In this research we examine the differential impact of different incidental negative emotionsBanger and sadnessBon consumer choice in the context of high versus low emotional trade-off difficulty. We hypothesize that consumers experiencing different negative emotions will display differential reliance on the avoidance choice strategies such as choosing status-quo, asymmetrically dominated option or delaying the decision, when considering an emotionally difficult trade-off. Our reasoning for the above hypothesis is that anger versus sadness differentially impacts subject’s degree of certainty and control. Specifically, previous research has shown anger to have a higher degree of certainty associated with it as it has a target as compared to sadness or fear (Smith and Ellsworth, 1985). Further, anger is associated with greater degree of control compared to the other two affects. Thus, we expect that in a consumer decision setting, higher degree of certainty and control will lead to higher degree of optimism and more heuristic processing of available information. Consequently, angry subjects should exhibit greater reliance on status-quo under high emotional trade-off difficulty compared to sad subjects who process the information relatively more systematically, leading to a different choice pattern.

In two studies, we test the above hypotheses and show how these different discrete negative emotions influence subjects’ decision making process and consequently their choice under low and high decision complexity situation. Study 1 is a 3 (emotions: angry, sad, neutral) x 2 (emotional trade-off difficulty: high, low) between subjects design. We expect that neutral mood subjects will replicate Luce’s (1998) results. Study 2 builds on study 1 and examines the underlying process across the conditions in greater detail. The implications of these findings to academicians as well as managers are then discussed.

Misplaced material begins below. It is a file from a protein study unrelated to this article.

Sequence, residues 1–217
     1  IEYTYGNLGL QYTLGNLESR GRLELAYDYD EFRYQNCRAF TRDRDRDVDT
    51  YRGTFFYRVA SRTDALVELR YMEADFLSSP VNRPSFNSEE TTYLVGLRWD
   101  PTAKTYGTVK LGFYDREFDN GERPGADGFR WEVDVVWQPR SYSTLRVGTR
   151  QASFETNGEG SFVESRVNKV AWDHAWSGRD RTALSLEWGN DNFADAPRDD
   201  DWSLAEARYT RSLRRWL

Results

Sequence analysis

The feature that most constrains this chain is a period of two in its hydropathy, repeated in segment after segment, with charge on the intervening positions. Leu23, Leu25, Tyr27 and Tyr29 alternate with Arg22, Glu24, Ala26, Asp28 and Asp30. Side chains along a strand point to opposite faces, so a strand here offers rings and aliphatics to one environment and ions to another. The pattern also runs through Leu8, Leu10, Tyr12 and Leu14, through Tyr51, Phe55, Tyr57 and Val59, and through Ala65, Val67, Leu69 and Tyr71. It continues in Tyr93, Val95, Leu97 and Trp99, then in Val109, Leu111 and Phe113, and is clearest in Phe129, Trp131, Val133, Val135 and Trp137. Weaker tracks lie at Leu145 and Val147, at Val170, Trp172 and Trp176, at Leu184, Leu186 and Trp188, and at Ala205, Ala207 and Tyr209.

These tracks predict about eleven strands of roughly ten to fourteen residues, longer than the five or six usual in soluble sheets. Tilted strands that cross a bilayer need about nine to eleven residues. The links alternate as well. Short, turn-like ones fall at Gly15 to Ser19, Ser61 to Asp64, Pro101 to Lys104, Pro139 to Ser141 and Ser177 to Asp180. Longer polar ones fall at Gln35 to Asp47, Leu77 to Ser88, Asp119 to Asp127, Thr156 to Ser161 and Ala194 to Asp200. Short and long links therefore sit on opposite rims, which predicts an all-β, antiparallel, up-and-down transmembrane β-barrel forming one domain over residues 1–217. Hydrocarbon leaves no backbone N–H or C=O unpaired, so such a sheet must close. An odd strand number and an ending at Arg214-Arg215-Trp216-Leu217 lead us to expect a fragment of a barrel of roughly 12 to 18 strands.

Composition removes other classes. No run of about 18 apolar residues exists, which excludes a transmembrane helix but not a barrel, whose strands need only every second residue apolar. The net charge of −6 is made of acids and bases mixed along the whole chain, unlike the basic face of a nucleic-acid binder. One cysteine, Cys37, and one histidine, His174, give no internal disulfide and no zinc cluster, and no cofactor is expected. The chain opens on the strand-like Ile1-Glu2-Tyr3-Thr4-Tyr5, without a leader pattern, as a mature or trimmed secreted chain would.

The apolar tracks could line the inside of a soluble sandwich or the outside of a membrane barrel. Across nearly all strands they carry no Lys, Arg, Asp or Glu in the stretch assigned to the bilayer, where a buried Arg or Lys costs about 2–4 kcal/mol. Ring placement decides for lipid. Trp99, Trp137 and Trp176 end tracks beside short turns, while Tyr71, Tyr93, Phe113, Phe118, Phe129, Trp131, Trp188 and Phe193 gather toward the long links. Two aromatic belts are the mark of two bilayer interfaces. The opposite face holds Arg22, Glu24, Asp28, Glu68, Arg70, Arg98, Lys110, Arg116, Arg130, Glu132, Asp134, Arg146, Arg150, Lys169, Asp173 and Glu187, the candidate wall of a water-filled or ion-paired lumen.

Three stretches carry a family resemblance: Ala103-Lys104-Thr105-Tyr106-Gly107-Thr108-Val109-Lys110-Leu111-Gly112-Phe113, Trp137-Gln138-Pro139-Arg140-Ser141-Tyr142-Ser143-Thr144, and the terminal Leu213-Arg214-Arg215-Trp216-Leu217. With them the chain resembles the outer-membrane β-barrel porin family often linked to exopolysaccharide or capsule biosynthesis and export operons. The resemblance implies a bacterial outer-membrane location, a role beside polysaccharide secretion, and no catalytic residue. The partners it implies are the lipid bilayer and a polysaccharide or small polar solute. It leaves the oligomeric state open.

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Jennifer S. Lerner, Carnegie Mellon University

Roxana M. Gonzalez, Carnegie Mellon University

Deborah A. Small, Carnegie Mellon University

Baruch Fischhoff, Carnegie Mellon University

The recent terrorist attacks have intensely affected many individuals and institutions. Equity markets sold off, consumer spending declined, air travel dropped precipitously, and public opinion toward government shifted dramatically. These responses reflected both intense deliberations and intense emotions. The attacksBand prospect of sustained conflict with a diffuse, unfamiliar enemyBcreated anger, fear, and sadness.

A growing literature (for reviews, see Loewenstein and Lerner, in press; Loewenstein, Weber, Hsee, and Welch, 2001; Mellers, Schwartz, and Ritov, 1999; Schwarz and Clore, 1996) shows how emotions and risk perceptions affect one another. Its theories can both illuminate current events and be tested by them. Early research found that positive emotions triggered relatively optimistic risk assessments, while negative emotions evoked more pessimistic ones (Johnson and Tversky, 1983). According to recent theories, however, the distinct cognitive appraisals that evoke some specific negative emotions can differentially color perceptions of future events (Keltner, Ellsworth, and Edwards, 1993; Lerner and Keltner, 2000; Lerner and Keltner, 2001; Tiedens and Linton, 2001). For example, although fear and anger are both negative emotions, only fear arises from (Smith and Ellsworth, 1985) and evokes strong appraisals of uncertainty and situational control (Lerner and Keltner, 2001), two central determinants of risk judgments (Slovic, 1987). Anger, by contrast, is associated with appraisals of certainty and individual control (Lerner and Keltner, 2001; Smith and Ellswoth, 1985).

Based on appraisal-tendency theory (Lerner and Keltner, 2000; Lerner and Keltner, 2001), we predicted that anger and fear would have opposite effects on perceptions of risk. Moreover, we predicted that media portrayals of news events could evoke these emotions and, thereby, influence risk perception. In a nationally representative sample of Americans (N=973, ages 13-88) that matched Census figures on major demographic indicators, fear increased risk estimates and plans for precautionary measures; anger did the opposite. These patterns emerged with both experimentally induced emotions and naturally occurring ones. Males’ risk estimates were less pessimistic than females; differences in emotion explained 80% of the gender difference. Emotions also predicted diverging public policy preferences. Discussion focuses on theoretical, methodological, and policy implications.